UHV students test food for genetic modification
Feb. 18, 2012 at midnight
Updated Feb. 18, 2012 at 8:19 p.m.
Though some ardent Cheetos addicts may disagree, it's probably no surprise to discover the finger-lickin' good snack did not come from God himself.
But what about Cheetos' No. 1 ingredient: corn? Is the vegetable used to create the crunchy snacks all natural?
Some University of Houston-Victoria students set out to find out.
Professor Hashimul Ehsan's plant biotechnology class has been extracting DNA from foods - from chips and crackers, peas from a garden, corn from the grocery store - to determine if the plants used in the food have been genetically modified.
The project introduces students to the tedious lab procedures involved with obtaining a DNA profile, but it also gives them a taste, if you will, of what Ehsan calls the frontier of technology.
"We have seven billion people" on Earth, Ehsan told his class. "We need to feed those seven billion people, so people should be concerned if there is an effect from genetically modified food, or is it beneficial?"
His students conceded the term "genetically modified" can sound scary in a population that's becoming increasingly informed about what goes into the food they digest.
But junior biology major Steven Couch said the more he's learned in Ehsan's class, the more he sees the benefits of genetically-modified foods outweigh the talk of health concerns.
By genetically modifying foods, "they can basically take the negative traits from different plants and different foods and eliminate them to put positive, desirable traits into them," Couch, 25, explained.
That can mean foods that are resistant to pests, vegetables that stay fresher longer or added nutrients to a crop that goes to a malnourished group of people.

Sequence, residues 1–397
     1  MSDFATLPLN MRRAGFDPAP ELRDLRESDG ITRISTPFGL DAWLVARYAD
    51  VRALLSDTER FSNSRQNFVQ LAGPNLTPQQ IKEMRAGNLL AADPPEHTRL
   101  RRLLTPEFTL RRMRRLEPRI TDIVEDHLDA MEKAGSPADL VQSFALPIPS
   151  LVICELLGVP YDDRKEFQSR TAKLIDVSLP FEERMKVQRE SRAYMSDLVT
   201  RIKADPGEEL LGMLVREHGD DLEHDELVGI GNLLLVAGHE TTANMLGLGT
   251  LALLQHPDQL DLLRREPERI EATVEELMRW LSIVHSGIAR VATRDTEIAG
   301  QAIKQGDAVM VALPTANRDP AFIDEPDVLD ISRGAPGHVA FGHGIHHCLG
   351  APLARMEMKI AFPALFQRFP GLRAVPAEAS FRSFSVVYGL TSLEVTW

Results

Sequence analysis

"To be honest, the genes that are placed in the food are bacteria that would be on the food we eat, anyway. I can't see it being harmful to us, but a lot of people don't want to eat anything that was tampered with like that," senior biology major Kevin Moseley, 29, said.
Whatever the politics, Ehsan's class was more concerned about the process of proving what goes into some of the food in our backyard.
On Wednesday, the class of about 20 students extracted DNA from the foods they brought to the UHV lab. Within an hour of creating a DNA profile from half a gram of food, they were able to determine the corn in one of their Cheetos was, in fact, genetically modified.
Another group, meanwhile, discovered a bag of tortilla chips weren't genetically modified.
Somewhere in the test, Couch and Moseley's group lost the DNA they extracted from peas, so that part of their experiment will be inconclusive.
But by Thursday night, the team was back together again, working on a presentation about their experiment to share with the rest of the class.
Ehsan was less concerned about the human error that's inevitable with a group of students working with micro-level specimens. "Science works one day or two days a year," as he put it.
Rather, he said the hands-on application of rather complex concepts is helping his students learn, and hopefully it's whetting their appetite for propelling the frontier of plant biotechnology research.